Cold Feet” in-Training, the peer-reviewed online publication for medical students

There is a fine line between medicine and mortality: give too much and it can kill someone; give too little and even that might kill someone. We come to the hospital with the intention of saving lives, and anything that deviates from that goal is seen as a failure of the system or, sometimes, of ourselves. However, over time we learn that there is an in-between where we both try to preserve life, while embracing the idea of ​​human mortality. And somehow, we have to find a balance between providing compassionate care and maintaining enough distance to have clear thought and action. Such experiences have not been too common in my training so far, but they have certainly left a lasting impression.

The patient came in with agonal breathing. The emergency medical services team had put him on oxygen before he arrived, but he appeared to be in very serious condition. The junior resident at the head of the bed, ready to intubate at the right time. Our superior took on the role of supervising the resuscitation.

He was immediately placed on high-flow oxygen, but we quickly learned that his code status had not been confirmed. The elder then called the patient’s family while continuing to take lifesaving measures – the next best step would be to intubate, but would that be within our patient’s wishes?

“I don’t want you to feel like you’ve made that decision; I want you to think what [your] dad would like…” the senior resident told our patient’s son.

Over and over, she repeated that phrase, hoping to reach consensus on how to handle this rapidly deteriorating patient. It was clear from the words we could hear over the phone that the patient’s son was in shock. His mother—the patient’s wife—had already postponed any decision-making.

“Okay, they don’t want a tube…” the eldest finally said.

Soon began the reversal of everything we had prepared for before: tubes, slides and oxygen were put away, leaving the patient panting with each labored breath. For a layman, this scene would have been shocking, but I had experienced this scenario before and was ready for the next steps. I knew what it meant to take a step back and accept reality – to provide enough analgesia to make the patient feel comfortable in their final moments. Brief glances with minimal eye contact would be exchanged between medical staff – an acknowledgment of the solemn but reassuring nature of the situation. Each of us would process the decision differently, recognizing the reality that life would not be preserved in this case. Although it was not what we hoped for, there was certainty in the end result: peace and less suffering.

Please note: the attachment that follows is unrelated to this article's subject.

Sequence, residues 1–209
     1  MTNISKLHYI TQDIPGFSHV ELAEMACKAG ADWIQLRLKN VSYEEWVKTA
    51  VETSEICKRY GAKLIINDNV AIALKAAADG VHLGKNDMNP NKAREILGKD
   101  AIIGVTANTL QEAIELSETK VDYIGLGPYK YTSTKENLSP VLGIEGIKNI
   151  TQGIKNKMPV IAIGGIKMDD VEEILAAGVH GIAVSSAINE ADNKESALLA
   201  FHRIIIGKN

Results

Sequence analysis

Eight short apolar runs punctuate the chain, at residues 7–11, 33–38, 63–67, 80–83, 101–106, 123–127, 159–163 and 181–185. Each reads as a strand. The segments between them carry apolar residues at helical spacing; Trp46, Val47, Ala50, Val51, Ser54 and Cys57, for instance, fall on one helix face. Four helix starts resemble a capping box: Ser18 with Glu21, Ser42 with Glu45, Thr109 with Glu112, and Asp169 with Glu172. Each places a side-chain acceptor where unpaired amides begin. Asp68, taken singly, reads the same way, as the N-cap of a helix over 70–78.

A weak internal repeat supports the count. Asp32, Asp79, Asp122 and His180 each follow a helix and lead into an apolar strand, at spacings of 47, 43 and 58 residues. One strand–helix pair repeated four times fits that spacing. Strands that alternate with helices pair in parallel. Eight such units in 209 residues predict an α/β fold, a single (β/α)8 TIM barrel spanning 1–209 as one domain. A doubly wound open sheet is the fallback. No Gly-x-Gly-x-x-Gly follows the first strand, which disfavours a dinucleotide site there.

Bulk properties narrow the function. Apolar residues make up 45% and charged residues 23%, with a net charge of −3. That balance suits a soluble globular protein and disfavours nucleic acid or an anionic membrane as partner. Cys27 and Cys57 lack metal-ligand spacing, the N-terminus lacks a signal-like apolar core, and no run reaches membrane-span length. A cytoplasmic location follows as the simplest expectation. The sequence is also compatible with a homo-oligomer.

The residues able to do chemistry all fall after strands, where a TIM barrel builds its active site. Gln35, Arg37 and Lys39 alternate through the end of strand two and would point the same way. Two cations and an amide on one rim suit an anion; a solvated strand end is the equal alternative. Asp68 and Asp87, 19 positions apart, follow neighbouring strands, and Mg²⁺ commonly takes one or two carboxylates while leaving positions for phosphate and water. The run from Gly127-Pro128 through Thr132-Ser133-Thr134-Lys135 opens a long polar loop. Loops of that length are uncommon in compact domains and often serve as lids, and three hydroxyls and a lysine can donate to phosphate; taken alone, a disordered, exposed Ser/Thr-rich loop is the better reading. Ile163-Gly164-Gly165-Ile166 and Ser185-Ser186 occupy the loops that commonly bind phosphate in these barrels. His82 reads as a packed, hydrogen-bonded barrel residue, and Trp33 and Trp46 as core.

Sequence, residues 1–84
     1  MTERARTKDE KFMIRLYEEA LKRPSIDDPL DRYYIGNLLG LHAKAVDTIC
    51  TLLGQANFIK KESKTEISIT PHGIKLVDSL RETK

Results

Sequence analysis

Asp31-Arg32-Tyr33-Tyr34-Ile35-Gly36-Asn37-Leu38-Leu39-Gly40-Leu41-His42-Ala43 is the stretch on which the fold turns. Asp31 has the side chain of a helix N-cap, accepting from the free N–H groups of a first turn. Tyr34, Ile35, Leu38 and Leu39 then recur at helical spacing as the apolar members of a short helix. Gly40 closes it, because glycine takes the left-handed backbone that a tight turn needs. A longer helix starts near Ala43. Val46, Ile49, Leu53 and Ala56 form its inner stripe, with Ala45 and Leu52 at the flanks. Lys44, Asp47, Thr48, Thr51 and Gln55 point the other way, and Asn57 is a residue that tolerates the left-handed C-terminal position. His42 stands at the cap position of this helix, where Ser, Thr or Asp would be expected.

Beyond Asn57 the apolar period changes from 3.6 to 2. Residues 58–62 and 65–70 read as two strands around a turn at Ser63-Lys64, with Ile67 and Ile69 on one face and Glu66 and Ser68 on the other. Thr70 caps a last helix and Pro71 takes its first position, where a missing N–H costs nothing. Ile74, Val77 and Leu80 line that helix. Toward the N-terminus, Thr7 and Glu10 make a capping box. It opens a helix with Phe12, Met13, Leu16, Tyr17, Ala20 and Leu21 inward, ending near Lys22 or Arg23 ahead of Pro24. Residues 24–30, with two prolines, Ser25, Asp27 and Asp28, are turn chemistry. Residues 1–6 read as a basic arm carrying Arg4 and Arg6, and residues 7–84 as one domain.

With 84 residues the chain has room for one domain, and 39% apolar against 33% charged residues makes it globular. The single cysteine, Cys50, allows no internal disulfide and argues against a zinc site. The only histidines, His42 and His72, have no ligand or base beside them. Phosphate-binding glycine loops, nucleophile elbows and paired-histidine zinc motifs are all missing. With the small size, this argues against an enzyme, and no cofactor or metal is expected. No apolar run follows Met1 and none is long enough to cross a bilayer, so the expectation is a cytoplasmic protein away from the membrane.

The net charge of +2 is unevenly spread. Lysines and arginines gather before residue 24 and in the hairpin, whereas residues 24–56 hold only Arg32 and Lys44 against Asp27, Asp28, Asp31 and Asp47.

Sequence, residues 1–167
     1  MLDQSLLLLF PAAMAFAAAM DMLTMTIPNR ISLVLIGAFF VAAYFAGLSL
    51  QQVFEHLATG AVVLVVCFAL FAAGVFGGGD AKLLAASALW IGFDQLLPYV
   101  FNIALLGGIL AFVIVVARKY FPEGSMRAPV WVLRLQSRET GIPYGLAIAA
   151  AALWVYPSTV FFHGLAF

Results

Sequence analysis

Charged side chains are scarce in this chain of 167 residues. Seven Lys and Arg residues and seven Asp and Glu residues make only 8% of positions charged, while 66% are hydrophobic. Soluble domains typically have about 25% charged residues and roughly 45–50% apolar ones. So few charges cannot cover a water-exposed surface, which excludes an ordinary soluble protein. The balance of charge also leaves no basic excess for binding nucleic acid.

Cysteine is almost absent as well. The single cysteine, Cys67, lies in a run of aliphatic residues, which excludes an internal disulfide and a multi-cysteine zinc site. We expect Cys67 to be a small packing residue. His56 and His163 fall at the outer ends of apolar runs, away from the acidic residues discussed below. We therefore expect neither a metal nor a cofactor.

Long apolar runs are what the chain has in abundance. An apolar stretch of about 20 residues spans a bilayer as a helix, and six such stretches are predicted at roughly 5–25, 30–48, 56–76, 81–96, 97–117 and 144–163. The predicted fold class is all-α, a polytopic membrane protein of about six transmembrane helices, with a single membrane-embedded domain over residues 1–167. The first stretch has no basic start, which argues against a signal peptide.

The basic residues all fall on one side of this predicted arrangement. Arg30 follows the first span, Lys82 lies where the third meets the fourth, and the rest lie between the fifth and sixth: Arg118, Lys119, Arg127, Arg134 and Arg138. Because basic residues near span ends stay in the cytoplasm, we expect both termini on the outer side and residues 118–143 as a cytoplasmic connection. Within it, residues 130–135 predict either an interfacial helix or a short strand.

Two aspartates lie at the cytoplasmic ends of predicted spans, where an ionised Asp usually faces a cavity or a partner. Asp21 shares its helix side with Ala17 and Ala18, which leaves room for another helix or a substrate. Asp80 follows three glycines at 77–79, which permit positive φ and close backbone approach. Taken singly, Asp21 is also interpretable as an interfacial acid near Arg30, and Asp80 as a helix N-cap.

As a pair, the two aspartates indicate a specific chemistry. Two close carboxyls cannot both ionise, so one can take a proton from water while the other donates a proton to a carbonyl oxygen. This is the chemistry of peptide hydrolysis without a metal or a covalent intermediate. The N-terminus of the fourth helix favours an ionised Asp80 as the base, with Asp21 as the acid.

But the speed with which everything was removed was somewhat alarming. I watched as the nurse silently put away tools, unplugged appliances, and cleaned the sink. I couldn’t do much other than wait with the rest of the team for the family to arrive. Still, I wanted to do something, really anything, to feel that I had made a contribution. As I was about to leave the glass room, I noticed that the patient’s feet were uncovered. I hesitantly pulled the cream-colored blanket over her dry, withered toes. I would have liked to know more about his story in addition to how he appeared to us that day. If only I could get a glimpse of what life had been like in his place.

Every 30 minutes that passed, I walked past the room to make sure he was still breathing and to see if the family had arrived. I knew the elder had alerted our front desk to the situation, but wanted to be reassured that our patient would receive a proper goodbye.

After about 180 agonizing minutes, a nurse alerted us that the patient’s monitors were showing asystole – a sign of dying. By then, the patient’s family had arrived and had been at his bedside for some time. I followed my eldest into the room. We all watched carefully as she listened to the patient’s chest while simultaneously checking her pulse.

“He passed,” she said.

“Dad passed away,” she repeated, looking up at the family after being invited a second time.

We slowly withdrew from the room to give the family some privacy. Although we were unable to save this patient, I was reminded that sometimes doing nothing is actually doing everything. We had offered him a comfortable respite to make the transition from this life to the next. It was the best we could do based on the son’s perception of his personal preferences. All of our actions were aimed at honoring those wishes and I felt proud to have been a part of that process, even if it just meant covering his feet before his family arrived.

Joan Nambaba (1 Posts)

Contributing author

Cleveland Clinic Lerner College of Medicine

Joan is a final year medical student at the Cleveland Clinic Lerner College of Medicine at Case Western Reserve University in Cleveland, OH (class of 2022). In 2013, she graduated from Duke University with a Bachelor of Science in Neuroscience. In 2016, she earned her second degree from Duke, a Master of Science in Biomedical Science. She loves to travel, explore nature and take candid photos of her loved ones in her spare time. After graduating from medical school, Joan would like to pursue a career in emergency medicine.

Jacob L. Thornton